Tag Archives: Songbirds
Erich Jarvis, currently a professor at Duke University, uses songbirds as a model to study the mechanisms that underlie how individuals learn spoken language. He will be joining Rockefeller as a professor this fall. More »
Over the decades, scientists have learned a lot about the basic life processes shared by many animals — including people — by manipulating the DNA of the “lower” species, such as mice and worms. But to date, they have been unable to readily probe the genetic contribution to one higher cognitive capacity of particular interest — the ability to learn language from one another. Now scientists have worked out a method for altering the genes of the zebra finch, one of the handful of social animals that learn to “speak” in a way that is analogous to humans. More »
How a handful of social animals ever learned to actively style their vocal communication is a question that has dogged biologists for generations. New research in chipping sparrows suggests that the talent originally appeared in these songbirds as a competition for food among siblings and later evolved into vocal imitation used in territorial defense and courtship. More »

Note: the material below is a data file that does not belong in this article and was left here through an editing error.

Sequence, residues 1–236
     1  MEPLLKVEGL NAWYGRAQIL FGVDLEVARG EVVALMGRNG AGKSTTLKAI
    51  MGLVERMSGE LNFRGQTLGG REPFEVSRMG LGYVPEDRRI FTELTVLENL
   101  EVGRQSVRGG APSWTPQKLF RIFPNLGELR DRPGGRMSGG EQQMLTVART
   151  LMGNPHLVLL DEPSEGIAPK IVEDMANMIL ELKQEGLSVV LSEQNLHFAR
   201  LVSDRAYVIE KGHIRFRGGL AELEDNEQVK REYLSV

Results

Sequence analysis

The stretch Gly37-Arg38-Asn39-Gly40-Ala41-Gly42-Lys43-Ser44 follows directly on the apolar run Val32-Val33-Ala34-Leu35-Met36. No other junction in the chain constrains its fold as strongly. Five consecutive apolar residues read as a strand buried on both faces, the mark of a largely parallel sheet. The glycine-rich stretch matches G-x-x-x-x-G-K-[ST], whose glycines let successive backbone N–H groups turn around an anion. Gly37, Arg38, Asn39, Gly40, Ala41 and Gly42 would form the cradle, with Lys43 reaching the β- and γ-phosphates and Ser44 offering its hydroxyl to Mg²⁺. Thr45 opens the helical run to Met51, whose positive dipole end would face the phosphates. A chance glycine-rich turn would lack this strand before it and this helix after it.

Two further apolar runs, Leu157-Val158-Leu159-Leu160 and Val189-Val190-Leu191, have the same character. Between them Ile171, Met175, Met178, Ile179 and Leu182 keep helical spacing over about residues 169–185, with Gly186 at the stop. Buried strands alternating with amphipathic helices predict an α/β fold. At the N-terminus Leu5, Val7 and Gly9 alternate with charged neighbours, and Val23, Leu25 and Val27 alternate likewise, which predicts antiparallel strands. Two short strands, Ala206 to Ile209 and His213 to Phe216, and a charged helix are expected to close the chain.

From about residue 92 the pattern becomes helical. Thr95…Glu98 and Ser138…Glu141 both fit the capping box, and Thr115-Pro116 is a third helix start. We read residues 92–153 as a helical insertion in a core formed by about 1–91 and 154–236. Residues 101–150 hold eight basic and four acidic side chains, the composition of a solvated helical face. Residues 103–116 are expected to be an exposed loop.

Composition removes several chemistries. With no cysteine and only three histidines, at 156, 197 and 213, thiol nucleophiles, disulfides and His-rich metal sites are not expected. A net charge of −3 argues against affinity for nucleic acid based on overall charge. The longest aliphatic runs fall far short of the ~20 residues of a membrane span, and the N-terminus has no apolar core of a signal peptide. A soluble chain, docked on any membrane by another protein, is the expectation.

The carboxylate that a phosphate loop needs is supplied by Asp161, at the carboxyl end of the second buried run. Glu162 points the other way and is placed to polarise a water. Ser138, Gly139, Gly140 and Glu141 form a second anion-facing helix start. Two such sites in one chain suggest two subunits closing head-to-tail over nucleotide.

Young canaries can learn atypical songs but recast them into adult canary syntax as they mature, a previously undescribed aspect of vocal prowess in birds. More »
Of all the world’s animals, only humans, some kinds of birds and perhaps some porpoises and whales learn the sounds they use to communicate with each other through a process of listening, imitation and practice. For the rest, including nonhuman primates, these sounds develop normally in the absence of external models. Now Rockefeller University scientists have found that zebra finches, songbirds native to Australia, use infant-like strategies to learn their song.